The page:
Bastard son of an Irish cleric in Londonderry, christened distinctively Janus Junius; renounced Catholicism at 16; studed in Scotland and Holland, arriving at Oxford in 1693; researched on Irish dictionary and tract showing that Ireland had been colonised by Gauls, leading to life-long study of druids; notoreity of Christianity Not Mysterious, showing that the religion contained no true miracles; biographies of Milton and Harrington; supported Protestant succession in 1688; offended clerics with new applications of biblical criticism; in his last years resorted to secretive esoteric/exoteric doctrine; his interest in Druids and the ancient practice of distinguishing recondite doctrine from public announcement evident from Letters to Serena (1704) on, marks him as leading 18th century theorist of discretion; concerned with way in which orthodox interpretations of scripture are supported by centres of political power [~3]; distinguishes two kinds of doctrines: 1] ‘the one internal and the other external, or the one private and the other publick; the latter to be indifferently communicated to all the World, and the former only very cautiously to their best Friends, or to some few capable of receiving it, and that wou’d not make ill use of the same’ (Letter to Serena); reactions to his Christianity, with its subversion of communal doctrine, led to the concuion that ‘one Thing should be in the Heart, and in a private Meeting; and another Thing Abroad, and in Public Assemblies’ (Pantheisticon); suspicion that, under these conditions, communicant in dispute cannot be accorded full credibility sets him apart from other [franker] deists: ‘When a man maintains what is commonly believ’d, or professes what is publicly enjoin’d, it is not always a sure rule that he speaks what he thinks: but wen when he seriously maintains the contrary of what’s by law establish’d, then there’s a strong presumption that he utters his mind.’ (‘”Clidophorus”, or of the Exoteric and the Esoteric Philosophy’, in Tetradymus); for Toland when a belief is communal it makes the individual holding that belief superfluous.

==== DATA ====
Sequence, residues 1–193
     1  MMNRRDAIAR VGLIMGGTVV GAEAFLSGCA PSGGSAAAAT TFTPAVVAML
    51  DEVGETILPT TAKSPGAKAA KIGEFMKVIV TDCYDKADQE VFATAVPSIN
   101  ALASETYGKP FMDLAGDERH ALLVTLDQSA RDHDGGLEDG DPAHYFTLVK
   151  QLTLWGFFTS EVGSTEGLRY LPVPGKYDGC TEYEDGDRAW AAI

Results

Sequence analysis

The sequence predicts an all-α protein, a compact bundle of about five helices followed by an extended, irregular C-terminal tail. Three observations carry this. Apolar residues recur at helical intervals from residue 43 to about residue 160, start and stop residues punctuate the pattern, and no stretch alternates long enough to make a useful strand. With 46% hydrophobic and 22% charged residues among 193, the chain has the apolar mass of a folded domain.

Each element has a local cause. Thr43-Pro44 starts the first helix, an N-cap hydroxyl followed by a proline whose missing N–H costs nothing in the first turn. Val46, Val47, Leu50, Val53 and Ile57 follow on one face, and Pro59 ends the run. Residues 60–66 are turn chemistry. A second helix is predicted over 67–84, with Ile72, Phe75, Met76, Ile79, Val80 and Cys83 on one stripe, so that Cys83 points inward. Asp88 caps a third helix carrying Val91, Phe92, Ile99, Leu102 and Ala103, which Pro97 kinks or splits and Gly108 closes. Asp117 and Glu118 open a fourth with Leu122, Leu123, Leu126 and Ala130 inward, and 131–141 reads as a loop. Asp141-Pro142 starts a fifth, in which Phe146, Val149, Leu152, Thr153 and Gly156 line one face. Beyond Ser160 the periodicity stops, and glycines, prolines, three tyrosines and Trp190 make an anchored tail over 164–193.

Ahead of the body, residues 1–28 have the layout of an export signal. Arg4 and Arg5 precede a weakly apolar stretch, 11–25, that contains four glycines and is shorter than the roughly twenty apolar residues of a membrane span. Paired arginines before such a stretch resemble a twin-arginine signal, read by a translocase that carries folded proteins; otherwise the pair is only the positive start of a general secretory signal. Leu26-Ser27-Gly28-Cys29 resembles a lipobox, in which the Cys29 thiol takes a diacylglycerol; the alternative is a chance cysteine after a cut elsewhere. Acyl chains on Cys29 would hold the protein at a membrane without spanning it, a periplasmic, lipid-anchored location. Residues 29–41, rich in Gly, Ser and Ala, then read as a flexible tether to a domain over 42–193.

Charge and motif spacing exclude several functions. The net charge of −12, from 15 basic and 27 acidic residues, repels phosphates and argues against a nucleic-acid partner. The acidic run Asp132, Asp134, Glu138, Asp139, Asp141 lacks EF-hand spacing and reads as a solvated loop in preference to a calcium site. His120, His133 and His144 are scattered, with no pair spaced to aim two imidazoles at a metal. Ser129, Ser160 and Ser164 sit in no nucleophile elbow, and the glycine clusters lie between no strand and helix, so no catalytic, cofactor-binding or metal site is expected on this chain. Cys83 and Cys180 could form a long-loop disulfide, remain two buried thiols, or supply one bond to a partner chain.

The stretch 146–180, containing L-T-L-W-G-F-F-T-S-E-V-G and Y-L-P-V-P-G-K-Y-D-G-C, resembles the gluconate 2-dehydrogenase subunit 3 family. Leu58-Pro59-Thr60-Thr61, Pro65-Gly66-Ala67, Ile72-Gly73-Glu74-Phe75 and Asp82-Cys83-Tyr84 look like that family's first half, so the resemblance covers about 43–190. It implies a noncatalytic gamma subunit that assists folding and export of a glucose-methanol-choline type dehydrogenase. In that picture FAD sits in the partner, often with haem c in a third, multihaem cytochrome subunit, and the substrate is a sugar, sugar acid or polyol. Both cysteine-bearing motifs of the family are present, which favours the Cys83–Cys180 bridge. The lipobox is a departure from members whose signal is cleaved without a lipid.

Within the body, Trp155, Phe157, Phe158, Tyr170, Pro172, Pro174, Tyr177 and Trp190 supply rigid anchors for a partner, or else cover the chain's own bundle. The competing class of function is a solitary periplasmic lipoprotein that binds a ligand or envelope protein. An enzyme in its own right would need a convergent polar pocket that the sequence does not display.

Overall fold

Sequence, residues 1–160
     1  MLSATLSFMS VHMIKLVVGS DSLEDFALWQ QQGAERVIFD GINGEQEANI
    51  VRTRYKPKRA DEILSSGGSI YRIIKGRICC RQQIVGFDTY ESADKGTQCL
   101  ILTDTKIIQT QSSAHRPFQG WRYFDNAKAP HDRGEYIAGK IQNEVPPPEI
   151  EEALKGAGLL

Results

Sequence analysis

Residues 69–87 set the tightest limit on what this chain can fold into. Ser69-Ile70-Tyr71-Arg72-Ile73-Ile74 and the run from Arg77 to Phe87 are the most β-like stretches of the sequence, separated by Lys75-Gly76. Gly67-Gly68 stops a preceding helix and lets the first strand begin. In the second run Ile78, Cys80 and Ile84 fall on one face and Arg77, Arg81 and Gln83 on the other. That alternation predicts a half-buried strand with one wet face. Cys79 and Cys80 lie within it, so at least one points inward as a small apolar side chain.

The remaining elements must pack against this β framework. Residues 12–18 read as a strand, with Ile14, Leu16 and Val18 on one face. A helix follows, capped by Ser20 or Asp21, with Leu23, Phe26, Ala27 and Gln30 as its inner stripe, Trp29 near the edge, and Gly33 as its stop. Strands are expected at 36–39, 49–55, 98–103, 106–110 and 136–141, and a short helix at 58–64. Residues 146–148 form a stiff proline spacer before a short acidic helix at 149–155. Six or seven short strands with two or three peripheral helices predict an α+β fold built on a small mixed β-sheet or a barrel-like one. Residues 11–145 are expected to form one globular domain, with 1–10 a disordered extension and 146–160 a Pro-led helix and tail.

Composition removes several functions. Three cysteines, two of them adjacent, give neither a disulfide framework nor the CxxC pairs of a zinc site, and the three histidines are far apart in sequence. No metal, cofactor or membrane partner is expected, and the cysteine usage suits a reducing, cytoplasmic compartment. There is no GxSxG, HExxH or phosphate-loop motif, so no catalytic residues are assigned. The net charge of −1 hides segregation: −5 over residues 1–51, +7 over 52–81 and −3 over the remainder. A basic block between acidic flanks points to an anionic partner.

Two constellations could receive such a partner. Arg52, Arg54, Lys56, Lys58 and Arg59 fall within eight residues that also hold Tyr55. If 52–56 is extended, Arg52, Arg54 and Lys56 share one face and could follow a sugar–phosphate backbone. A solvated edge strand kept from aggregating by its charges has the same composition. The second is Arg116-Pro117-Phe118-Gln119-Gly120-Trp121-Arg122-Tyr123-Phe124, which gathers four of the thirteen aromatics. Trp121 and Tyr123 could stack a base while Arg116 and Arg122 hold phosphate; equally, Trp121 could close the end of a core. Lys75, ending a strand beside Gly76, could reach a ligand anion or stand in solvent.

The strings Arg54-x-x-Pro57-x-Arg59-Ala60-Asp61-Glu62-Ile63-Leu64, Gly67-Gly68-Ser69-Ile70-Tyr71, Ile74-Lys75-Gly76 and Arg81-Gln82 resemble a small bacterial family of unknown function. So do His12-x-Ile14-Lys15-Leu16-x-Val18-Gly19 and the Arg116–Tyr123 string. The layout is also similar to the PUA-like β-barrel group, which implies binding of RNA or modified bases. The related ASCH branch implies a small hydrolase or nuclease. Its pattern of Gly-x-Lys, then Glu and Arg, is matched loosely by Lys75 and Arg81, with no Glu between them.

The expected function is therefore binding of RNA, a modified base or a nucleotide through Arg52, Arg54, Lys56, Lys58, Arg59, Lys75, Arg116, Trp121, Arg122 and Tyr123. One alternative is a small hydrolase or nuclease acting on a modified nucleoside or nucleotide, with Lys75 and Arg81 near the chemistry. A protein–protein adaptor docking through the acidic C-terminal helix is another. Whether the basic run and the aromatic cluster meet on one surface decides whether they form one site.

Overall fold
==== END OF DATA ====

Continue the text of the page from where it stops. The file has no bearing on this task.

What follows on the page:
Quotes long section from Propositions, in which Toland discusses differences of opinion with a friend, remarking that whereas he himself is ‘extremely easy and unconcern’d’ amid the expression of differences, the friend ‘cou’d never enjoy Tranquillity’ because—Toland conjectures—the former is happy so reach ‘a further knowledge of human Nature’ while the latter prefers to hold in view the correct opinion: ‘you represent Mankind to your self, such as they ought to be, and [that] I consider ‘em but just such as they are; you are uneasy to see ‘em continue their own Enemies, and [that] I am easy since they cannot become their own Friends’ [5] (Socianism Truly Stated, 1705)